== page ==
Treatment-free survival (TFS) could help capture additional perspective about the patient experience during treatment with immune checkpoint inhibitor (ICI) therapy, thus complementing the commonly used end points of overall survival (OS) and progression-free survival (PFS). The study details were reported in the Journal of Clinical Oncology.
Data were pooled from the phase 3 CheckMate 067 clinical trial (ClinicalTrials.gov Identifier: NCT01844505) and phase 2 CheckMate 069 clinical trial (ClinicalTrials.gov Identifier: NCT01927419). The trials evaluated nivolumab and ipilimumab in combination or as single agents for the treatment of advanced melanoma. Between the 2 trials, 1087 patients were enrolled and 1077 were included in the pooled analysis.
TFS was defined as the area between Kaplan-Meier curves for 2 “fundamental” time-to-event end points. The 2 end points were time to ICI protocol therapy cessation and time to subsequent therapy initiation.
Overall, among the 1077 patients, 999 stopped ICI therapy, 499 began an additional line of systemic therapy, and 563 died. Patients who received nivolumab plus ipilimumab had a longer restricted mean TFS than patients who received single-agent nivolumab or ipilimumab (11.1 months vs 4.6 months or 8.7 months, respectively). In addition, patients who received nivolumab plus ipilimumab had a longer TFS without toxicity than patients who received single-agent nivolumab (difference, 6.0 months) or ipilimumab (difference, 1.7 months).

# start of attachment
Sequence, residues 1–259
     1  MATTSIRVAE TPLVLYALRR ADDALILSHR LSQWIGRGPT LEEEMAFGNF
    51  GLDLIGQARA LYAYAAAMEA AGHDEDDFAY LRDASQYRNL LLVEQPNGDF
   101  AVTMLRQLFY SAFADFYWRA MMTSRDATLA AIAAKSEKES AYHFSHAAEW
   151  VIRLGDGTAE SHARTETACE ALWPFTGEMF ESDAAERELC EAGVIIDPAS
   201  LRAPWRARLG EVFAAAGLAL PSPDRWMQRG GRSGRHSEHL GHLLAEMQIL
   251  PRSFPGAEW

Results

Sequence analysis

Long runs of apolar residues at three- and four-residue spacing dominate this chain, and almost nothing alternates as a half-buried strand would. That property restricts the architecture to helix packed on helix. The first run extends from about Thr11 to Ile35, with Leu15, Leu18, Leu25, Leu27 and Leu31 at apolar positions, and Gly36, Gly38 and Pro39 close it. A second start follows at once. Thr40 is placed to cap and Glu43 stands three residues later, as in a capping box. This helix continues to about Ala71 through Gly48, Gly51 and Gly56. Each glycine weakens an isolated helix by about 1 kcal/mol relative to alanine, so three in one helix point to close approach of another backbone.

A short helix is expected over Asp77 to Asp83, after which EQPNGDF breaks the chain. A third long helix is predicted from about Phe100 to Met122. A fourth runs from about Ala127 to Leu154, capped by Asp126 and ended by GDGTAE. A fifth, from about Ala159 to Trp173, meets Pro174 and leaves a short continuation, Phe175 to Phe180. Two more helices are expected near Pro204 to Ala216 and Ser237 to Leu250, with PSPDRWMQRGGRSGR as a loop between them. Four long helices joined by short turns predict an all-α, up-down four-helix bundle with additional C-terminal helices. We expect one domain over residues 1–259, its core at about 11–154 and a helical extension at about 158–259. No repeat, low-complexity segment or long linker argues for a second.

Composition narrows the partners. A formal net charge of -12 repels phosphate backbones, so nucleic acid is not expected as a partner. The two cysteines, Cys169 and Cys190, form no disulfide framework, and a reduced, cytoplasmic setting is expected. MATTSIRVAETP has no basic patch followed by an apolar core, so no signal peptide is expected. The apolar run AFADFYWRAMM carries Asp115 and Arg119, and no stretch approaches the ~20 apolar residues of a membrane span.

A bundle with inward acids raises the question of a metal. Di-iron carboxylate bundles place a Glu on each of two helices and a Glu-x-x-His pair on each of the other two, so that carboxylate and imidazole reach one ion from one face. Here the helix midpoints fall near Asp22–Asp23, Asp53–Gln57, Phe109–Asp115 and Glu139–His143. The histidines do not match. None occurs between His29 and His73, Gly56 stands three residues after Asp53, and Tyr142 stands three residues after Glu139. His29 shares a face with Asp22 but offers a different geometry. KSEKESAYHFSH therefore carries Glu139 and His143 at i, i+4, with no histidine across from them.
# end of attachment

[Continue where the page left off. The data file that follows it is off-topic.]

“In conclusion, in addition to the conventional end points of PFS and OS, clinical trials that involve immuno-oncology agents should estimate and compare TFS with and without toxicity between different therapeutic strategies to capture patient experiences more completely,” the study authors wrote.
Regan MM, Werner L, Rao S, et al. Treatment-free survival: A novel outcome measure of the effects of immune checkpoint inhibition-a pooled analysis of patients with advanced melanoma [published online September 9, 2019]. J Clin Oncol. doi: 10.1200/JCO.19.00345
This article originally appeared on Cancer Therapy Advisor